It took only two days to be reminded of why I like Namibia so much. And it had nothing to do with the charismatic megafauna (i.e., big, interesting animals) that roam its parks and game reserves.
I am here on a FAM trip — a familiarization trip — sponsored by the Namibian Tourism Board (NTB) to network with tour operators and promote tourism to the country. For this trip I am wearing my non-travel writer hat as Director of Organization Development Programs for Muddy Shoe Adventures (MSA), a company that offers adventure-based programs and retreats for personal and organization development. MSA is planning a personal development trip next year in partnership with Evergreen Escapes, and I am here to meet with Birgit Bekker from Ultimate Safaris who will work with us in designing the trip.
This is my second trip to Namibia. The first was a three week trip in the Fall of 2013 to attend the Adventure Travel World Summit and tour around the NW and central regions of the country (you can read about that trip on my blog and in the award winning article I wrote about the trip).
The first day of the current trip was a networking event with more than a dozen in-country operators. The second day featured a visit to the annual Tourism Expo sponsored by the NTB and a tour of the capital of Windhoek — one of the “cleanest cities in Africa” (this is not ironic — the cities and towns I’ve seen on both trips are some of the cleanest, tidiest cities I’ve seen anywhere). One of the highlights of the tour was this government building paid for and designed by the “people” of North Korea (I don’t think they were given a choice in the matter).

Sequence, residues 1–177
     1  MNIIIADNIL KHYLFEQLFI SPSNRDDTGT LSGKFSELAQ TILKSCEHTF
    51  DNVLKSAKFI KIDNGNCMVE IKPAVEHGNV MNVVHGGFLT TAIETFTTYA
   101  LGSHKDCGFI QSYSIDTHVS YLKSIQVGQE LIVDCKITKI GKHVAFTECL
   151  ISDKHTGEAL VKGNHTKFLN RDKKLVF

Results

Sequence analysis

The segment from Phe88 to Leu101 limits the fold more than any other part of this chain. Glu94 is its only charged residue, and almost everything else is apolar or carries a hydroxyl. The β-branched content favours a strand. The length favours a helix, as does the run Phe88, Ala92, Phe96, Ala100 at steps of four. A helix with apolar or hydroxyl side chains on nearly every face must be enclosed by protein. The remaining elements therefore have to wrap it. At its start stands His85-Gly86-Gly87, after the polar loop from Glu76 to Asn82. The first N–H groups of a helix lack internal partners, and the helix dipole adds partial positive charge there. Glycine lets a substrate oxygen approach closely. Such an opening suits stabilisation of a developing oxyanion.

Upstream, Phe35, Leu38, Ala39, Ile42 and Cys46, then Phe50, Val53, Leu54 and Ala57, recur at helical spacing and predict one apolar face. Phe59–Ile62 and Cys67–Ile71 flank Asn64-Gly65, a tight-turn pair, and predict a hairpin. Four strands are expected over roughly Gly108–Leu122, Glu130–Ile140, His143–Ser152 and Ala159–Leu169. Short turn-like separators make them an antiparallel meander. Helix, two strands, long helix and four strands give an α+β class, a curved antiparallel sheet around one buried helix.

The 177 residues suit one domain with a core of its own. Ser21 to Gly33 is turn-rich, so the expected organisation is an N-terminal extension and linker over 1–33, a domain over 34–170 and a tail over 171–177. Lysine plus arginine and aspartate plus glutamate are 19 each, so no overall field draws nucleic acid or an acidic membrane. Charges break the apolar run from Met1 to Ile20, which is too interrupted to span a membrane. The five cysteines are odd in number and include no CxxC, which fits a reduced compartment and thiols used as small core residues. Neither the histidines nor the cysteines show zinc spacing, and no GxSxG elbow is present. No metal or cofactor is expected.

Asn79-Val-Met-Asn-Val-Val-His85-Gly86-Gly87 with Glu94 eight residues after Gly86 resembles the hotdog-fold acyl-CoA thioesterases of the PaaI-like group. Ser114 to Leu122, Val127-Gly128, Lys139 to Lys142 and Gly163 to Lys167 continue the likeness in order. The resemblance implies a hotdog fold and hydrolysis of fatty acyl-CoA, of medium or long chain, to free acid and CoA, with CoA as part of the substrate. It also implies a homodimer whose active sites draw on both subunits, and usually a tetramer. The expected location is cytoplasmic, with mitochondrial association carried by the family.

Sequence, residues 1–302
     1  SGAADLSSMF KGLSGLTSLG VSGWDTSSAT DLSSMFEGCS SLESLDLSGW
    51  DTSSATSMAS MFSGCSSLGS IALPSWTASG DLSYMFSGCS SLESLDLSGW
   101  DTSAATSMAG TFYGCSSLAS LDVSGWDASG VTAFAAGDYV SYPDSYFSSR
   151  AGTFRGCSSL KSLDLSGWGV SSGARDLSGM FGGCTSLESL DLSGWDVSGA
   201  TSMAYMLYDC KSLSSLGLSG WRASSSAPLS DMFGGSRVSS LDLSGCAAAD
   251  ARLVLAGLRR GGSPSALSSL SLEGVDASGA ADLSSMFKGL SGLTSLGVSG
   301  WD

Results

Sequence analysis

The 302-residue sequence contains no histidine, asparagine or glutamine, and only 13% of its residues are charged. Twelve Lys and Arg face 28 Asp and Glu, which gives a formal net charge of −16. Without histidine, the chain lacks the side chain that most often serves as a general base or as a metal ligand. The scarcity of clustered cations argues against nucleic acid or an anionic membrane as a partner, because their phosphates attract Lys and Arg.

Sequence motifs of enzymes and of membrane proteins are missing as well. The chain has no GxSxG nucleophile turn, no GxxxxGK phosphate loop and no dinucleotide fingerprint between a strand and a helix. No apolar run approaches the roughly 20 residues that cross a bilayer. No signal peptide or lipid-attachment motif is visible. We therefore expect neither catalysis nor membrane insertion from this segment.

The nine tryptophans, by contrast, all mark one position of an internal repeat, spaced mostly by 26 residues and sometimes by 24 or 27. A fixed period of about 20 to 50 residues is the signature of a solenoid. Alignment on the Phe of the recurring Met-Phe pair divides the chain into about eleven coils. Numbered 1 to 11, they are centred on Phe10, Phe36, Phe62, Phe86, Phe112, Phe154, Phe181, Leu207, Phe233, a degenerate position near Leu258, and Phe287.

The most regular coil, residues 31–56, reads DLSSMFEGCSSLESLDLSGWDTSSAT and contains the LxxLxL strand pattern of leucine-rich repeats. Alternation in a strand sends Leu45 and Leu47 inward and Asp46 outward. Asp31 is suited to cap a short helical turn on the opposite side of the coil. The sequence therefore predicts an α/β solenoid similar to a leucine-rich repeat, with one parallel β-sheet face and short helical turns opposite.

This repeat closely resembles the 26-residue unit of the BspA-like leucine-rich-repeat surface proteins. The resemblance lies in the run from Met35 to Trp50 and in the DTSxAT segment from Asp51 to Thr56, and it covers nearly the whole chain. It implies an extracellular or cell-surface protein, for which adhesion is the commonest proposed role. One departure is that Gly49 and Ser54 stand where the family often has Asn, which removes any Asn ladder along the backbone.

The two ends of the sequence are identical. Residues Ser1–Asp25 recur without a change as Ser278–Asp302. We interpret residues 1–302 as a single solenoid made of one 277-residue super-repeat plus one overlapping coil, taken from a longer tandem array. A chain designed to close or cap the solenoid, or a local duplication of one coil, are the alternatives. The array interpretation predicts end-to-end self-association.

The highlight of the Expo was a performance by the staff of one of the lodges in the tourist regions of the country. Besides housekeeping, maintenance, dining and other functions the staffs at the lodges also entertain guests with traditional songs. The choral groups from the lodges compete every year for an award as the best in the country. This years winner performed briefly at the Expo’s opening ceremony.
If you like traditional African music you would have loved this. I did. This overweight, aging white boy shaked some serious booty during their performance. I was off to the side where not too many people could see me, so I don’t think I embarrassed myself very much.
Both days reinforced one of the things I like about this country — the spirit, warmth, heart and optimism of the people. We in the West hear so much about the problems of Africa, so its especially heart-warming to see, hear and experience a success story. And this is from a cantankerous geezer who hates heart-warming….
But it is the animals that are the main attraction. After two days in Windhoeck, we drove (well, Stefan our guide drove while I sat in the back munching biltong, the Namibian version of jerky made from Namibian game such as oryx, springbok, kudu, and eland) to Etosha National Park, the crown jewel of Namibian wildlife parks and one of the best parks of its kind in the world. In just two game drives we saw at least one of the major megafauna (I love that word!) to be found in Namibia, including a pride of eleven lions that crossed our path at the very beginning of the early morning game drive on our second day in the park.
(Don’s trip was organized, conducted and hosted by Pack Safari)